14. A Curriculum Activities Guide to Water Pollution and Environmental Studies, Volume II - Appendices.

    Science.gov (United States)

    Hershey, John T., Ed.; And Others

    This publication, Volume II of a two volume set of water pollution studies, contains seven appendices which support the studies. Appendix 1, Water Quality Parameters, consolidates the technical aspects of water quality including chemical, biological, computer program, and equipment information. Appendix 2, Implementation, outlines techniques…

  15. Three Mile Island: a report to the commissioners and to the public. Volume II, Part 3

    International Nuclear Information System (INIS)

    1979-01-01

    This is the third and final part of the second volume of a study of the Three Mile Island accident. Part 3 of Volume II contains descriptions and assessments of responses to the accident by the utility and by the NRC and other government agencies

  16. Concerning the work of the II international field archaeological school

    Directory of Open Access Journals (Sweden)

    Sitdikov Ayrat G.

    2015-09-01

    Full Text Available The II international field archaeological school was held in Bolgar, 17-30 August, 2015. Basic theoretical lectures were included into syllabus, as well as methodical studies and work of such scientific sections as: History of ancient metallurgy and metal processing; Palaeoanthropology; Archeobiological methods in archaeology; Techniques of field conservation and restoration; Geoinformational systems in archaeology; History of ancient ceramics; Experimental and traseology study of ancient tools; Archaeological glass. The Bolgar school is an example of organisation an academic educational centre which is focused on practical acquisition of contemporary techniques of complex archaeological monuments’ study with wide usage of experimental research methods.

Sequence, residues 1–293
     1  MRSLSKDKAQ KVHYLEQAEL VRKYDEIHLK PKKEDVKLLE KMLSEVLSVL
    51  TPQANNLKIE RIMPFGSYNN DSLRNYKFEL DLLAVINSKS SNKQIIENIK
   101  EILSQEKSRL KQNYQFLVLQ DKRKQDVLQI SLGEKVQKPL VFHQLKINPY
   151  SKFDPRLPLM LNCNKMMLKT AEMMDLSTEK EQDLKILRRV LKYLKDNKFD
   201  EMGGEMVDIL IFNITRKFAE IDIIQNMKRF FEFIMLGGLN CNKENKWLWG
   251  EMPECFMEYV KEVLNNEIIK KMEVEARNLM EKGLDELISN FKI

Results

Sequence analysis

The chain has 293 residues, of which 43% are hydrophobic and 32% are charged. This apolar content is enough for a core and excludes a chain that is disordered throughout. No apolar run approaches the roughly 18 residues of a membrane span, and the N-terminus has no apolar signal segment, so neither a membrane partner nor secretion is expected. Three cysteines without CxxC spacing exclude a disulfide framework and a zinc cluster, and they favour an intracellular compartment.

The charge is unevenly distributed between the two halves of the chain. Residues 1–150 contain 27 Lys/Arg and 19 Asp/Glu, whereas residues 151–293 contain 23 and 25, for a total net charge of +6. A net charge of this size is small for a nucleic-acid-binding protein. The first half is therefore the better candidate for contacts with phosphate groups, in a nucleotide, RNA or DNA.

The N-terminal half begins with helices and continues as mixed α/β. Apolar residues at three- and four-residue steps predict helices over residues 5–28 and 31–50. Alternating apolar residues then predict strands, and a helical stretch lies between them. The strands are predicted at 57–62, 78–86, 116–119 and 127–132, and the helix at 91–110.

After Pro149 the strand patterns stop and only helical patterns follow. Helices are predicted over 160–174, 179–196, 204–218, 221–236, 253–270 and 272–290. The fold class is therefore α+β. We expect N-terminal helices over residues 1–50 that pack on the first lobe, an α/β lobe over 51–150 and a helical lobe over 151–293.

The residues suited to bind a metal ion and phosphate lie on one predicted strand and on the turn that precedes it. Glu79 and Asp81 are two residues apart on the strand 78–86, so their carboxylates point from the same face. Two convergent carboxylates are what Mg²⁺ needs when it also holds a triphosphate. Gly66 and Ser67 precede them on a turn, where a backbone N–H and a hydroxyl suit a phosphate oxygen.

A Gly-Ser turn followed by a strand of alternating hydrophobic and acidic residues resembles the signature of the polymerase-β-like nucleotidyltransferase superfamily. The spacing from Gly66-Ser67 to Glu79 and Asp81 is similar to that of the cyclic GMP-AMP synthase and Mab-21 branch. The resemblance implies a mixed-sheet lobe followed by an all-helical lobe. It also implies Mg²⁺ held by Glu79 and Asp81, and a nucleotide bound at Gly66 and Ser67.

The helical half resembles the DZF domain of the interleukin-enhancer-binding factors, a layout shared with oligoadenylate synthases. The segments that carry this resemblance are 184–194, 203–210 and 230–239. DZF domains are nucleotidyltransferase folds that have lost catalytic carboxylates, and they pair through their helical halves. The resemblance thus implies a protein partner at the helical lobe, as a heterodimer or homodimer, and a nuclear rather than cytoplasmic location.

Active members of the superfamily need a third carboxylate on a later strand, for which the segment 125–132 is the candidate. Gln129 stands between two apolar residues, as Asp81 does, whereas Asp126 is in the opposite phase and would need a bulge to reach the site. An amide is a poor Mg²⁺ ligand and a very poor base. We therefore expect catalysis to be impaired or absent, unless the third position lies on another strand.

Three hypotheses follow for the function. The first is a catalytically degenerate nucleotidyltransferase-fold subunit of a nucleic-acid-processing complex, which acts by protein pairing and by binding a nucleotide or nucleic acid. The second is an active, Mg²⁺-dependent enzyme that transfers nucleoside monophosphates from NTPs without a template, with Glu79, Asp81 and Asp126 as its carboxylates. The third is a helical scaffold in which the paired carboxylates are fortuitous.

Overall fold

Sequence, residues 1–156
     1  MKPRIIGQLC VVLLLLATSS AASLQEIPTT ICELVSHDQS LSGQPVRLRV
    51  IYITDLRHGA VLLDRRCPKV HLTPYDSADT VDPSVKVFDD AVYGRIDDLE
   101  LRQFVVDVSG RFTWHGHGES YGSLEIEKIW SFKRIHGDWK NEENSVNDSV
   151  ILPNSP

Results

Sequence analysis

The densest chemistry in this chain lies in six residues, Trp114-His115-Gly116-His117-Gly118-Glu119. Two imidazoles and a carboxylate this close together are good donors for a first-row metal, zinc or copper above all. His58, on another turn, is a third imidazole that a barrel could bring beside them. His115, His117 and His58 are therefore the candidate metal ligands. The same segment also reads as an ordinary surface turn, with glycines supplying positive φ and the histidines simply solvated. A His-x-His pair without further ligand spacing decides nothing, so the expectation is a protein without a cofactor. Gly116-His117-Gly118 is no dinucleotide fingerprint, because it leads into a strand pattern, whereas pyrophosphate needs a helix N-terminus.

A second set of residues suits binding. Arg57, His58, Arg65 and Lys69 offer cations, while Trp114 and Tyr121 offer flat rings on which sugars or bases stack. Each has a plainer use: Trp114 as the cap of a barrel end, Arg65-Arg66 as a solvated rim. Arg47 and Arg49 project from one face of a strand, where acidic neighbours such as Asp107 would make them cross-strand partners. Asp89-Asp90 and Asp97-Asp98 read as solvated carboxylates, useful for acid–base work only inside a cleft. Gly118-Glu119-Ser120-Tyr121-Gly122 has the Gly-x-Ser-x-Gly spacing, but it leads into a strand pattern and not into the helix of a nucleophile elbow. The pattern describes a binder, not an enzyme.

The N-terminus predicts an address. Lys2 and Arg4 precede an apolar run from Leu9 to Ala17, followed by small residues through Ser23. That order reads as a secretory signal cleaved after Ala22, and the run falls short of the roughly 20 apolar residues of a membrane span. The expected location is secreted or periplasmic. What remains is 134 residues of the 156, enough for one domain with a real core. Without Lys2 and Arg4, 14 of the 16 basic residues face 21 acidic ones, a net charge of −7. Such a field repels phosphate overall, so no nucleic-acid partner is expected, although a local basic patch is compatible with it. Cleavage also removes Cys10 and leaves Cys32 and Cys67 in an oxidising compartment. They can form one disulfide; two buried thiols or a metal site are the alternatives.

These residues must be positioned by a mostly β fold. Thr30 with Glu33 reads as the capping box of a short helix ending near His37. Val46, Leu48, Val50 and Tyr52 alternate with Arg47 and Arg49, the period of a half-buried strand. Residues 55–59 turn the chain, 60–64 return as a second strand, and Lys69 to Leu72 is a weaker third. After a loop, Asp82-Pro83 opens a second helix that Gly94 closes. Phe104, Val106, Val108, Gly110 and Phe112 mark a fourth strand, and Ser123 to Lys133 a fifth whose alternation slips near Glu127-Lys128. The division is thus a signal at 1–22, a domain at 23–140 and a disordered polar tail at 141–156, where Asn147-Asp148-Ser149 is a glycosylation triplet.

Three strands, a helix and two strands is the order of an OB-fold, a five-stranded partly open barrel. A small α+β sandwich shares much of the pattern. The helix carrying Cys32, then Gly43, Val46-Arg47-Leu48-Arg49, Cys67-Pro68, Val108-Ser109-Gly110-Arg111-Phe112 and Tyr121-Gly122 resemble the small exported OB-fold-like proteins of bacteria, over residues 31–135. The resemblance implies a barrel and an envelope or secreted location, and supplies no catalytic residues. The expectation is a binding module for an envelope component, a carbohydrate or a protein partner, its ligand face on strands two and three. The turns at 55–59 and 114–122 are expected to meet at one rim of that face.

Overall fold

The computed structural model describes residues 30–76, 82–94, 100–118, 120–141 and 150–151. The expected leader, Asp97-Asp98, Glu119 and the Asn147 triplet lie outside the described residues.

17. First international 26Al interlaboratory comparison - Part II

    International Nuclear Information System (INIS)

    Merchel, Silke; Bremser, Wolfram

    2005-01-01

    After finishing Part I of the first international 26 Al interlaboratory comparison with accelerator mass spectrometry (AMS) laboratories [S. Merchel, W. Bremser, Nucl. Instr. and Meth. B 223-224 (2004) 393], the evaluation of Part II with radionuclide counting laboratories took place. The evaluation of the results of the seven participating laboratories on four meteorite samples shows a good overall agreement between laboratories, i.e. it does not reveal any statistically significant differences if results are compared sample-by-sample. However, certain interlaboratory bias is observed with a more detailed statistical analysis including some multivariate approaches